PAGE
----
First off, in case you thought I was, I am not Greek and this isn't some old family recipe. In face, this was the first time I ever made baklava though I am proficient at eating it.
When I was going to school in Boston, I lived in a heavily Greek-influenced neighborhood. Yes, blocks away from Fenway Pahk is actually not saturated with Irish. Though I did get asked if I was Irish by some tourists on a game day once ... I think if I'd said yes they'd have taken their picture with me.
I digress. While living in this neighborhood I fell in love with Greek food. Including this light-but-heavy manna-meets-milk-and-honey Mediterranean decadence; baklava. Seriously ... phyllo pastry flakes are now what I picture the freed Jews picking up from the dessert floor every morning for forty years. Add butter, nuts, honey, and a little cinnamon (y'all already know I like cinnamon enough to dump it on my head and not wash it out for half a week) ... heaven. Though if we were in heaven I wouldn't have to worry about it making my waistband tight.
It is a bit of work to make, but it can be done in steps (read: you can stop and occupy toddlers, feed babies, scold, make macaroni and cheese, and change fifteen diapers). Or even blog, see how I did that? I just finished up the second batch.
Making the seemingly endless layers of phyllo, butter, and nuts was soothing because the phyllo dough feels like Bible pages or the vellum of a wedding invitation as it whispers between my fingers. Feelings like that take me to my happy place and set my task to a pleasant rhythm rather than the drudgery of a chore.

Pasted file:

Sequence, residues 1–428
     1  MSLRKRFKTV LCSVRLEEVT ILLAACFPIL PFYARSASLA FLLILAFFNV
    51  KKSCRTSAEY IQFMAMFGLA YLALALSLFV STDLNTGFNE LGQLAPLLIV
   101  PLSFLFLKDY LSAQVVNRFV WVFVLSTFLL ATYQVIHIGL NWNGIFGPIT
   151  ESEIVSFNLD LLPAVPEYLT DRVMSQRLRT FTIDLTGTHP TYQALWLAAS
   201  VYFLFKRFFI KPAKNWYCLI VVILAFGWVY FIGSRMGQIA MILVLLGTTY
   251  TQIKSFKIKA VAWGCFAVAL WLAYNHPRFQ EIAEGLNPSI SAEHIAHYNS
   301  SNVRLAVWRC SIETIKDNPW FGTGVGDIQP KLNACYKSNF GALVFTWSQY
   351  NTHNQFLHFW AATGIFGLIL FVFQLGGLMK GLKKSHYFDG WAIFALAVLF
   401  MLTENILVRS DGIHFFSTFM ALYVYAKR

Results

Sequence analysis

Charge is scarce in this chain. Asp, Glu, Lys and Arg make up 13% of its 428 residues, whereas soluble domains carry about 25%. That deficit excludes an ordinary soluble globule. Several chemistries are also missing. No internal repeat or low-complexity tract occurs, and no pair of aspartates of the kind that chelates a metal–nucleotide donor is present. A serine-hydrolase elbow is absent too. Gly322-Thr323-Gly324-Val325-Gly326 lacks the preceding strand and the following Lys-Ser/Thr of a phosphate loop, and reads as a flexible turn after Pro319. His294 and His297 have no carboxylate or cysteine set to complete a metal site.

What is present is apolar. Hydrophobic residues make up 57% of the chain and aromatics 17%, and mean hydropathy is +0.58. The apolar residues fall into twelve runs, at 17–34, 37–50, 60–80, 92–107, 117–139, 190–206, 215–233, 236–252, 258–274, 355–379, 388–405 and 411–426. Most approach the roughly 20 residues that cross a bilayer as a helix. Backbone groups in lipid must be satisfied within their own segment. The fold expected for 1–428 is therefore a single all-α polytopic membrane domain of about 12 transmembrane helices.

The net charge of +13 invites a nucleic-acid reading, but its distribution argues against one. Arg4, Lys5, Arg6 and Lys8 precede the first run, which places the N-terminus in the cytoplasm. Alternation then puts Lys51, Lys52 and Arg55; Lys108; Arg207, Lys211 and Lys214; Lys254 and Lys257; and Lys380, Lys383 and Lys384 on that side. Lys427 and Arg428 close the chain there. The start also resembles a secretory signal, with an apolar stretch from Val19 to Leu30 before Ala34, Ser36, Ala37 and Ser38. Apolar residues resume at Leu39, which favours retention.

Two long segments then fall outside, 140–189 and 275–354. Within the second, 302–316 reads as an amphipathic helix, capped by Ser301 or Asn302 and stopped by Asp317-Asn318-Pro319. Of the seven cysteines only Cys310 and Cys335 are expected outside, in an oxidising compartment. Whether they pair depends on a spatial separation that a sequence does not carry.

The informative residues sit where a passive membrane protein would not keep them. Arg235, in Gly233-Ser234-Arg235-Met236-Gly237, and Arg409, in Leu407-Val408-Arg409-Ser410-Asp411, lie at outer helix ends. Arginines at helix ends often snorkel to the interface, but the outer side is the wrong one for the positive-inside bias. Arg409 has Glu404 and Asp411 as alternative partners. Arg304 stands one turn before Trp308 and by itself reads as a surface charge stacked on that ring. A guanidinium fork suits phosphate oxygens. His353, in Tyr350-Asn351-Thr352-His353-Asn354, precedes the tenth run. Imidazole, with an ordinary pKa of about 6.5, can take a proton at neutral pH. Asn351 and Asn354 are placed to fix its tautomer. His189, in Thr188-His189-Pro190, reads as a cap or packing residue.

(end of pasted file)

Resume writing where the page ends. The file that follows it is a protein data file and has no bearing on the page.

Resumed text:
For the nuts I used pecans from my parents' trees. They're a bit old but they've been in the freezer. I roasted them at 350 for about 7 minutes to perk them up, and to make the last of that bitter red stuff flake out of the cracks it had hidden in. I did NOT painstakingly chop a pound of pecans. I put my Vitamix to use and made it earn its keep. Lazy toaster. I also used local honey. I think excellent ingredients make all the difference in good cooking. That and a great knife.
Much to my happy surprise, I've now successfully made baklava twice! Though, I'm afraid (not to toot my own horn) it is good enough that we won't be bringing any home from the church Christmas party.
|Heaven! Tasty pecans layered with manna and honey.|
As I go back and clean the inside again, I pray for God to look inside my "bowl" (my heart) and clean me on the inside. The Holy Spirit uses cooking to bring my mind back to why I am here; to what my life is really about. You really can pour love into cooking; even baklava.
In case you were just here about HAIR
Ok, the dry shampoo made a big difference in how tolerable the transition is, because things are getting gross. To me anyways. Tim says it doesn't look bad at all but I feel like I'm starting to look like a meth addict's mug-shot. Ok, part of that feeling is only getting about nine hours of sleep in the past two nights (thank you, object permanence).
Day 9: Yuck. It is greasy. This is the day I used the dry shampoo last time, but I want to see what happens if I don't. I did another rolled-up-ponytail-flower-hairdo.
|It's getting pretty oily ... but my scalp feels great!|
|Meh. It feels worse than it looks, I promise.|
|Is it just me or do all the scalp pictures kinda look the same?|
|You can tell by my sassy smirk that I kinda like the curls I get from sleeping in a bun.|
|See my baby!|
|Alas, then I combed it and it needed to hide ...|